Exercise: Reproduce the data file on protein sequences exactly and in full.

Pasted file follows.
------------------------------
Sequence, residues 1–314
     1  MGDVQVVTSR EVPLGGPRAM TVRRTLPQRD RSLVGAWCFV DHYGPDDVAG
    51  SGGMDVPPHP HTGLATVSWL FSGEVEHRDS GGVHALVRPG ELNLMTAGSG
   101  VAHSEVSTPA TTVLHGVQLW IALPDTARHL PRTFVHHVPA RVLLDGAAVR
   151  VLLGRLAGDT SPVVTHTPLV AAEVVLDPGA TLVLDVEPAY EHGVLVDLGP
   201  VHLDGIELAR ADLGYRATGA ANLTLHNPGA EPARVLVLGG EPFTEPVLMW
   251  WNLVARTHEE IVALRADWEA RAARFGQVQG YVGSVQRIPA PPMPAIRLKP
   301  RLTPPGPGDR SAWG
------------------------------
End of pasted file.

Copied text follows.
Sequence, residues 1–314
     1  MGDVQVVTSR EVPLGGPRAM TVRRTLPQRD RSLVGAWCFV DHYGPDDVAG
    51  SGGMDVPPHP HTGLATVSWL FSGEVEHRDS GGVHALVRPG ELNLMTAGSG
   101  VAHSEVSTPA TTVLHGVQLW IALPDTARHL PRTFVHHVPA RVLLDGAAVR
   151  VLLGRLAGDT SPVVTHTPLV AAEVVLDPGA TLVLDVEPAY EHGVLVDLGP
   201  VHLDGIELAR ADLGYRATGA ANLTLHNPGA EPARVLVLGG EPFTEPVLMW
   251  WNLVARTHEE IVALRADWEA RAARFGQVQG YVGSVQRIPA PPMPAIRLKP
   301  RLTPPGPGDR SAWG